Conclusion: I would think about prioritizing at least one elite TE in a startup, especially if it is a TE premium of any sort. This can create a mismatch at that position against most of your league.
4. In SuperFlex, QB is king
Some might think this is hyperbole, but I genuinely believe it to be true. I am not saying you can’t be successful in an SF league without stud QBs, but it is certainly more difficult. Check out a couple of these interesting stats from our sample size for your consideration.
The average QB1 has scored 315 points per season over the last five years. During this time, the average RB1 has scored 280.5, and the average WR1 is sitting at 276.5. Starting two QB1’s in your lineup is certainly the optimal strategy. It trumps all, even if you could have an RB1 or WR1 in the SF position.
A couple of other very interesting stats to mention re QBs in an SF league. Over this sample size, a QB who has been healthy enough to play at least 14 games in at least three of the last five seasons repeated as a QB1 68% of the time. The QB position achieves the highest level of consistency (minus potentially elite TE) while also maximizing average points scored.
The same set of parameters run for the other skill positions (only asking for 13 healthy games), and it gives a return of 50% for both RB1 and WR1. The bottom line is, QB is almost 20% more likely to repeat as a top-tier option. QB is also likely to score close to 15% more than the other skill positions throughout the season. I also get the sense that QB is a lower injury risk, though I do not have the data to make this argument conclusively.
Conclusion: I would prioritize at least two solid, starting QB’s whenever possible in an SF startup. My personal preference is to have three or four QBs by the end of the draft in a 12 team league. I would also try to snag a QB in every rookie draft when possible. Even a below-average QB can be traded for solid profit, and QBs are never cheaper than in the startup!
5. Targets>TDs for WRs
This is one for the newer dynasty managers out there. We all want the WR, a TD monster, and it’s a fantastic feeling when your WR1 is on fire in the end zone. Touchdowns are not a “sticky” stat, and they go up and down most years. You can’t bank on any receiver getting 10+ TDs a year. You can bank on target share, though.
Over the last five years, a WR1 has averaged 143 targets per season! Interestingly enough, they only averaged nine TDs over that same timeframe. (In case you are wondering, the numbers are almost identical in PPR and half-point PPR). A great example of hitting on both at the same time is Davante Adams in 2020. He had 149 targets and also scored 18 TDs. As you can guess, he easily finished as the WR1. On the other hand, Stephon Diggs only scored eight TDs yet finished as the WR3 on the strength of his 166 targets!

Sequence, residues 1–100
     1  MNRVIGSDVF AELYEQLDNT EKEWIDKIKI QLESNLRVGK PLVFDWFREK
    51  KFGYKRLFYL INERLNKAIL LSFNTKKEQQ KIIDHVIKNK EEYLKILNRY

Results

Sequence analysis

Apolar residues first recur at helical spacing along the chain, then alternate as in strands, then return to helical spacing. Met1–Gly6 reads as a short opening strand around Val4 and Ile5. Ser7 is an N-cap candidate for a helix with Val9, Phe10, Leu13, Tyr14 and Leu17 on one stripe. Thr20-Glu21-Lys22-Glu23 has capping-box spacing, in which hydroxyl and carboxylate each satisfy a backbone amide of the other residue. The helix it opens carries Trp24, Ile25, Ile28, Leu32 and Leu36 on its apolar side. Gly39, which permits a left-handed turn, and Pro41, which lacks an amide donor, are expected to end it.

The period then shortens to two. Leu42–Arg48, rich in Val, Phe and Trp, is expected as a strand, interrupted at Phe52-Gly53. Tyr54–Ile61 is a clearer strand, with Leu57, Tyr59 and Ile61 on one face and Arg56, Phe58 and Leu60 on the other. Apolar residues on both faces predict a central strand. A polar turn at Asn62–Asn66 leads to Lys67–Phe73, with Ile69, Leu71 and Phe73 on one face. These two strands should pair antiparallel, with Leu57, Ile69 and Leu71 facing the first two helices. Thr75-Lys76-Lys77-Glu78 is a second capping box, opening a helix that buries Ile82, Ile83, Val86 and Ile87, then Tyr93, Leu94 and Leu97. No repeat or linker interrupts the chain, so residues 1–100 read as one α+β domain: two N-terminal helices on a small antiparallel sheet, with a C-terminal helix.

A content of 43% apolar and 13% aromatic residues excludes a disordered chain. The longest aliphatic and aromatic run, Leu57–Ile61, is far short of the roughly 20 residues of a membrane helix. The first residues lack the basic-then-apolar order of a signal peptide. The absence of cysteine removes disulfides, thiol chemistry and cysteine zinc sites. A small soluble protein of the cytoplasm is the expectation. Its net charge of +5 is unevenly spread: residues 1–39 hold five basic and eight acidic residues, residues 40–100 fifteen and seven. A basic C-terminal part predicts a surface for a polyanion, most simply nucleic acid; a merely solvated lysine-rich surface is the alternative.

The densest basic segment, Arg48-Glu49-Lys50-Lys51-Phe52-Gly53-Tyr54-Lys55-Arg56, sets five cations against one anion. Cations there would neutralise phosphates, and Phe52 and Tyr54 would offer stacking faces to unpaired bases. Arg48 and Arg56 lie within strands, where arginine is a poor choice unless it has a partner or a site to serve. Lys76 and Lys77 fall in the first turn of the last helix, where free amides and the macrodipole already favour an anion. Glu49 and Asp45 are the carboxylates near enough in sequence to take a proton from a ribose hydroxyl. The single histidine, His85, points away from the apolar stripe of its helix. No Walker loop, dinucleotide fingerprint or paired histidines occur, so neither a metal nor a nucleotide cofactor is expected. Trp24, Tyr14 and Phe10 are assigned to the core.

If we look at DeAndre Hopkins over the last five years, he has only surpassed nine TDs twice in that time. He has been a WR1 four out of the last five seasons because the least number of targets he received was 151 in 2016.
Conclusion: Look at the targets a receiver is demanding in his offense when assessing who you will target in drafts or via trade. Any discrepancy in market value vs. target share can be exploited, i.e., Diontae Johnson and Jerry Jeudy.
6. Your league’s scoring/format needs to impact your strategy…MASSIVELY
I know some managers who approach every draft in almost the same way. They have a list of players and how they value them. Then they go down the list drafting who they think the best player is regardless of league size or scoring setup. This is a massive mistake. (Honestly, I made this mistake a few times myself, so that is how I can speak so confidently about it.) You have to draft differently depending on league size, roster demands (SF, two TE, four flex, etc.), and scoring settings.
You would not believe the number of startups I have done only to have managers mention about halfway through that they did not realize we got return yards in this league or that the TE premium was THAT high. You need to check out the scoring and be clear on how it affects your players before the draft!
Conclusion: Always check the scoring setup and be clear about how that impacts the players BEFORE you start drafting. If you are in multiple leagues, remind yourself of the scoring settings before offering or accepting trades.
7. You need to trade!
This “trend” is a personal observation over my time playing dynasty. I have yet to see a team with the long-term success we all want for our squads that isn’t a regular at the trade table. Player values change; you cannot just rely on your drafting ability and start-sit decisions year in and year out. Many new managers are very intimidated by the idea of trading in a dynasty league. I wanted to give a couple of hints and tips on how you can start gaining experience and confidence in your trading.
First, get a trade calculator. There are a ton of options out there, some better than others. Two of my personal favorites are the Dynasty GM from Dynasty Nerds and the Dynasty Trade Calculator. Both of these options will require a small monthly or annual fee, but honestly, it is worth it. You don’t need to throw the trade calculator in everyone’s face and be annoying with it. Take a look at it yourself if you aren’t convinced about an offer, or make sure you are getting good value for your assets.